Bloomberg: 'What New Yorker report?'
Mayor Michael Bloomberg today refused to confirm a New Yorker report that he "secretly financed a poll by his own longtime pollster, Douglas Schoen, to help convince [police commissioner Ray] Kelly that he could win" the mayoralty.
The poll turned out not to make a difference in terms of Kelly, but its existence is yet another indication that Bloomberg's disaffection with Christine Quinn, an erstwhile ally who has systematically distanced herself from the mayor over the course of the primary, is real.
"I don't know where that came from, and we're here to talk about guns," he told Daily News reporter Erin Durkin, after she asked him about Ken Auletta's article about the mayor. "Let's get serious here."
"Yes, miss?" he said, turning to me.
I said I had been planning to ask him about that same New Yorker report.
"What New Yorker report?" he said. "There's a lot of reports. Can you just be specific. I'd be happy to answer your question."
The report that he underwrote a poll testing the waters for Ray Kelly, I said.
"I just said that we're here to talk about guns," he said. "Let's get serious. I don't know where it came from. I have absolutely no idea where it came from."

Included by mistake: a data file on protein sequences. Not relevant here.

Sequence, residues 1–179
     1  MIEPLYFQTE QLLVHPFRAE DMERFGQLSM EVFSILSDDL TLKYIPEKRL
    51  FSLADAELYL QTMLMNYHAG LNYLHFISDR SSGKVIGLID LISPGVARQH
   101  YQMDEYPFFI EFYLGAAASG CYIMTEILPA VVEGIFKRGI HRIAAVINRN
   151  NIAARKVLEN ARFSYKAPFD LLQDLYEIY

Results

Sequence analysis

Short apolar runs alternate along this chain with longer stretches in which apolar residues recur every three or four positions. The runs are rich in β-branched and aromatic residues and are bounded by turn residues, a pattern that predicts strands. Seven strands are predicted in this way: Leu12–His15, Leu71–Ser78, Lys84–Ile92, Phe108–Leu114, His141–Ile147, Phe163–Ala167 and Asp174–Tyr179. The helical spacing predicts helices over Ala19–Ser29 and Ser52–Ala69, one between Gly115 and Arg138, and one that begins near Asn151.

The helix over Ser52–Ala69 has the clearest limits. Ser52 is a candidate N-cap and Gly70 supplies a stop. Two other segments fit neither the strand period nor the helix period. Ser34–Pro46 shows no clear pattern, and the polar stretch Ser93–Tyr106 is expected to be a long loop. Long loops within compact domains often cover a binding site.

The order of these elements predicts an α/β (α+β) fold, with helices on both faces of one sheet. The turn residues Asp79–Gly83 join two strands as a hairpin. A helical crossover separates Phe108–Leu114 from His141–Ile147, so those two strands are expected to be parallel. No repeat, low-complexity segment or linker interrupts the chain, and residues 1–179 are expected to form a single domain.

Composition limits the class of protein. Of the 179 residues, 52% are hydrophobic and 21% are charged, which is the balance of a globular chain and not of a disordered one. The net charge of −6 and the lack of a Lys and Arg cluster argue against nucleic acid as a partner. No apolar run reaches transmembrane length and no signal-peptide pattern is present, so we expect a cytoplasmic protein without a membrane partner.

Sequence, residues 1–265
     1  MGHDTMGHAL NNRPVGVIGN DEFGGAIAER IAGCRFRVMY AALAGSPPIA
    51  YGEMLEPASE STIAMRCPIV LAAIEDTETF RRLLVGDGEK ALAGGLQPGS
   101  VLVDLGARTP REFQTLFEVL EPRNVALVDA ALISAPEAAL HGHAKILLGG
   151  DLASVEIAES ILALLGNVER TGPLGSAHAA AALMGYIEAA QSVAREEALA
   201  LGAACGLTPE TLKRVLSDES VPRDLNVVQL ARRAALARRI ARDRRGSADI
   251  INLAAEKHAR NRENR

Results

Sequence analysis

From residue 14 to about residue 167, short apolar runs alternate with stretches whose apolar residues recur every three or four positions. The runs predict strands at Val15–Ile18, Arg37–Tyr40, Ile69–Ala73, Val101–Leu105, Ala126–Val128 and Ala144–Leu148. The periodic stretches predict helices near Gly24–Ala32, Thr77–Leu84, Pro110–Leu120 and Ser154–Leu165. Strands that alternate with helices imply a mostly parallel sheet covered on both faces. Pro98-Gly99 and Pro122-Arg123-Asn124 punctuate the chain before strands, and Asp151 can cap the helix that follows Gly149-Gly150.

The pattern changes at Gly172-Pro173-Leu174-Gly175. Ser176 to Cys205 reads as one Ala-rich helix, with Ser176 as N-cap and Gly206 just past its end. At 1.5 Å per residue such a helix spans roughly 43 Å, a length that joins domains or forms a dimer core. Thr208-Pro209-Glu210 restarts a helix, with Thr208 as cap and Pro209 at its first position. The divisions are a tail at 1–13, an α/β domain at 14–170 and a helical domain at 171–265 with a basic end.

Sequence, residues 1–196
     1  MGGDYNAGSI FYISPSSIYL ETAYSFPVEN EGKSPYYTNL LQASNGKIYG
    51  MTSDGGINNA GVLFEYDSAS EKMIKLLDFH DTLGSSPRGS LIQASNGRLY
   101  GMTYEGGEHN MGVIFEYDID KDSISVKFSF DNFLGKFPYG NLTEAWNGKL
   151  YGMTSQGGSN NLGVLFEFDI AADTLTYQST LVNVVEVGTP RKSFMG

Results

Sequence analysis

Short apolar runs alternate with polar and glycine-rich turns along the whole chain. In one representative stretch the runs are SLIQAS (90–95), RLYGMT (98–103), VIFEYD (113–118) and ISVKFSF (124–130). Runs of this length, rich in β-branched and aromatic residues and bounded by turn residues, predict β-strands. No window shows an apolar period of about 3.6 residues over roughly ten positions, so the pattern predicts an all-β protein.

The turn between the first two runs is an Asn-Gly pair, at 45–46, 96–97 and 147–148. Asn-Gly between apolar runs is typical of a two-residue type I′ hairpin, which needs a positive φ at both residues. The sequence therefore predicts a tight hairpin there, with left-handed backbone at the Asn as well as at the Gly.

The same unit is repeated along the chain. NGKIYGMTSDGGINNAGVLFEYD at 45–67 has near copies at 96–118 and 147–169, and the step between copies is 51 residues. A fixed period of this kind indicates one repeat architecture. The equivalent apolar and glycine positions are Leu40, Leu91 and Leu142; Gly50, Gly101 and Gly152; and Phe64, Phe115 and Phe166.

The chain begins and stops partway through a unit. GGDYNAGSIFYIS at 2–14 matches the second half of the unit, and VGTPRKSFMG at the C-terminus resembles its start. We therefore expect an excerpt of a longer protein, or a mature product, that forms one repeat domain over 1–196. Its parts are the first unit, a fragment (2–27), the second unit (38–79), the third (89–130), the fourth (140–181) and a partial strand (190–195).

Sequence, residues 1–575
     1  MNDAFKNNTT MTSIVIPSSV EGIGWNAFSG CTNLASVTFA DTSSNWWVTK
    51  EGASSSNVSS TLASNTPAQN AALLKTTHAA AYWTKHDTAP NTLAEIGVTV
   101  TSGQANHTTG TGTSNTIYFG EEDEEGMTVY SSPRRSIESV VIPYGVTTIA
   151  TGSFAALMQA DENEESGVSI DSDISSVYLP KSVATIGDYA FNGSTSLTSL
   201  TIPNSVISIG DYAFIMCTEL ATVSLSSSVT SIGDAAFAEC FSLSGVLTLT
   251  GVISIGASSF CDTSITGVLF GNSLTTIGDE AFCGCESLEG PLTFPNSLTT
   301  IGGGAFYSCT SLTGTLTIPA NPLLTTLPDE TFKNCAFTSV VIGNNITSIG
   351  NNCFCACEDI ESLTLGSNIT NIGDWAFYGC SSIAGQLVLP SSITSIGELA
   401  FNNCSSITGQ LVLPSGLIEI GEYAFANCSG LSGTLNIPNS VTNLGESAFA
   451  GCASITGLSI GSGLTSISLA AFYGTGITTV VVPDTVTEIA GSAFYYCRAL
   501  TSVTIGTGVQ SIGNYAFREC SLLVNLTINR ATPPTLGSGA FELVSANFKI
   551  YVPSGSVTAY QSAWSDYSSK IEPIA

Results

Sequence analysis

The mayor was in fact at One Police Plaza with Kelly to talk about what the mayor described as "the largest gun bust in the city's history," though he was also in the off-topic portion of the press conference.
Here's the Auletta bit about Kelly and Bloomberg:
Early on, the Mayor contemplated endorsing Quinn, calling her “a person of enormous integrity.” He has invited her to join him at press conferences and, at times, to fill in for him at public functions. Some of the Mayor’s friends are convinced that he made a back-room deal with Quinn in 2009, saying that he would endorse her in exchange for her support in amending the City Charter so that he could run a third time. (Both Bloomberg and Quinn have denied any quid pro quo.)
But the relationship between Bloomberg and Quinn is clearly uneasy. Late last year, Bloomberg encouraged several public figures, including Hillary Clinton and the real-estate developer and publisher Mortimer Zuckerman, to run for mayor; they declined. In early June, the Mayor, according to two Bloomberg advisers, was sympathetic to an effort by some of his supporters to draw Ray Kelly into the race. Bloomberg secretly financed a poll by his own longtime pollster, Douglas Schoen, to help convince Kelly that he could win, but Kelly declined.